3 Deadly Pitfalls When Creating Case Studies

By Casey Hibbard

Editor’s note: This is Casey Hibbards first guest post.

In an age of buyer skepticism, customer case studies – like white papers – provide the essential credibility, education and validation that buyers need to make purchase decisions. As a growing marketing communications tool, case studies are also a major opportunity for copywriters.

But stories have to deliver results…

To produce stories that resonate with readers – and impress your organization or clients – avoid some of these common case study mistakes.

Making Customers Look Bad

Customer stories innately have a “before-and-after” format. They identify the needs and challenges the customer wanted to address, and then how the solution brought about a successful outcome.

It’s natural to mention some of the pains or problems the customer experienced before. But in a story showcasing a customer’s success, too many negative details can make your customer look bad—and possibly interfere with the customer’s approval of the story. Writers have to balance details about the customer’s previous situation with creating a story that shows the organization in a favorable light.

Ignoring the Audience

As with any marketing communications piece, a customer story has to match the audience or it won’t do its job. In case studies, different audiences want to see different types of information.

For a recent case study highlighting sales and marketing software, my client directed me to the technical contact for an interview. However, because sales and marketing people will be the decision-makers and users of the product, I requested that I have the chance to interview the sales manager in order to collect the details that are important to the audience.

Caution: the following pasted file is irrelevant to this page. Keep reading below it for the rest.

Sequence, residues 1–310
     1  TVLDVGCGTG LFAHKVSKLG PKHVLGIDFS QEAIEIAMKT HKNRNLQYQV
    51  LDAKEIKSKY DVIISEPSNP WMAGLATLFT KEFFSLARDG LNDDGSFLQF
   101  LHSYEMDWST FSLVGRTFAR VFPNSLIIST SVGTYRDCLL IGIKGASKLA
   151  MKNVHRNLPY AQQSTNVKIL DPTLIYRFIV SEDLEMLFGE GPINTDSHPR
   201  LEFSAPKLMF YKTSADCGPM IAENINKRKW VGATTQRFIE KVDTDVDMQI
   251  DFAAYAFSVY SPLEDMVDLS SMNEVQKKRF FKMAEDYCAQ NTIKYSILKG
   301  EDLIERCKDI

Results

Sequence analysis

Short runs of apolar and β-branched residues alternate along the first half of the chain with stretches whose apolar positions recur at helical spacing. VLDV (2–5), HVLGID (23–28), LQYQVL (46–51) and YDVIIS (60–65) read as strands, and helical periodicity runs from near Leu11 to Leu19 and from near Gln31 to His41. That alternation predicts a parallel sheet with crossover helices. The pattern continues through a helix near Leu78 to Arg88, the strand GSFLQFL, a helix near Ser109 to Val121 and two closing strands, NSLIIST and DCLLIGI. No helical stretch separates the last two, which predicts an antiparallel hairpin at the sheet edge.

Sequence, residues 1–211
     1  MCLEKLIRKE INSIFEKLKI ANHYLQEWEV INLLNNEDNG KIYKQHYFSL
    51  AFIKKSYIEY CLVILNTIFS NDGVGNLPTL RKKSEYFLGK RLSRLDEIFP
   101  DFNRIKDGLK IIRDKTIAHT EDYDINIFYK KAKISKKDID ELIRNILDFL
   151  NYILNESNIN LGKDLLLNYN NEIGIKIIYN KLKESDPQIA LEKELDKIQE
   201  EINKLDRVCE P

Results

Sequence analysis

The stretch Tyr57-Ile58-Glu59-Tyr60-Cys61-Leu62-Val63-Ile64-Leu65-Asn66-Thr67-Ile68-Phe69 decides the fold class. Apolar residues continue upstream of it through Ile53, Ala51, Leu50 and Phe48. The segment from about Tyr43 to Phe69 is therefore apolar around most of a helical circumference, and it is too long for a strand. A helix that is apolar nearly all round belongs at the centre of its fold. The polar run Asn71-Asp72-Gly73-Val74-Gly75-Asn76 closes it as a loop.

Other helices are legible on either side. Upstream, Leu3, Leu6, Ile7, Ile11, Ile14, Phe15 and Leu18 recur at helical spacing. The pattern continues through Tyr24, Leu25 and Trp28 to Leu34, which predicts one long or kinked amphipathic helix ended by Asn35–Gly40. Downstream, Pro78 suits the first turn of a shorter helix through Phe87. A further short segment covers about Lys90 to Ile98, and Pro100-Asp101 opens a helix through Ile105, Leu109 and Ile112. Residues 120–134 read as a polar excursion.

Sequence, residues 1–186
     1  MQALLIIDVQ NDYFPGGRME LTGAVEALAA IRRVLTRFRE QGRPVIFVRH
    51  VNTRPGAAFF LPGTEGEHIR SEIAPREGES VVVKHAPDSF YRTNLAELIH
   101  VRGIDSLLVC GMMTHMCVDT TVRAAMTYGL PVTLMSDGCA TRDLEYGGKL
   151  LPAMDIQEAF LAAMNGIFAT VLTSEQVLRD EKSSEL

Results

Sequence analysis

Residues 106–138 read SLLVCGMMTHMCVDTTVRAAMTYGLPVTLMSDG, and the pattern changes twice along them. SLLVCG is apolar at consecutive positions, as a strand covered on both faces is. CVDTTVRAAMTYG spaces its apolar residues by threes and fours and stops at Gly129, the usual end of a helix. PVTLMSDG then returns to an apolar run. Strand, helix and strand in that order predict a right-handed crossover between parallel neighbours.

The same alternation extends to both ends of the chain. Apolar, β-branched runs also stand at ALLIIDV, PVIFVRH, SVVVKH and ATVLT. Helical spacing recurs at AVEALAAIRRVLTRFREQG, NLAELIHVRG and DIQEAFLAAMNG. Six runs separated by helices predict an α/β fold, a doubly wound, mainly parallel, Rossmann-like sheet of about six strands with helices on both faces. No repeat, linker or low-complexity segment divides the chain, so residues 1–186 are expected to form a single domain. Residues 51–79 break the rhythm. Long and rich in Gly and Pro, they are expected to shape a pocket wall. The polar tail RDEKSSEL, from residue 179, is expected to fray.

As much as possible, feature customers and customer contacts that are similar to the intended audience. People and organizations want to know what people and organizations just like them are doing.

Not Catering to Readers and Skimmers

There are two types of audiences: readers and skimmers. Always try to write customer case studies for both audiences. Build in ways for skimmers to glean the main points of the story without reading it word-for-word.

The key pieces of your skimmable document:

  • The headline – Include the number one idea you want to reinforce.
  • Subheads – Tell the main points of your story in subheads throughout.
  • Pull quote – Preferably highlight a quote (pulled out and enlarged in the final designed format) that reinforces the main benefit.
  • Sidebar summary – Summarize key points in a sidebar. What you choose to feature in a sidebar completely depends on the featured solutions. It’s nice to show a short summary of who the customer is, like industry and number of employees, and then highlights of the customer’s needs and results related to your solutions. If customers read nothing else, they know the customer is in their industry and what the business achieved.

Learn More: For more tips on creating case studies that deliver results, check out the no-cost report from Compelling Cases, The 10 Biggest Mistakes Case Study Writers Make.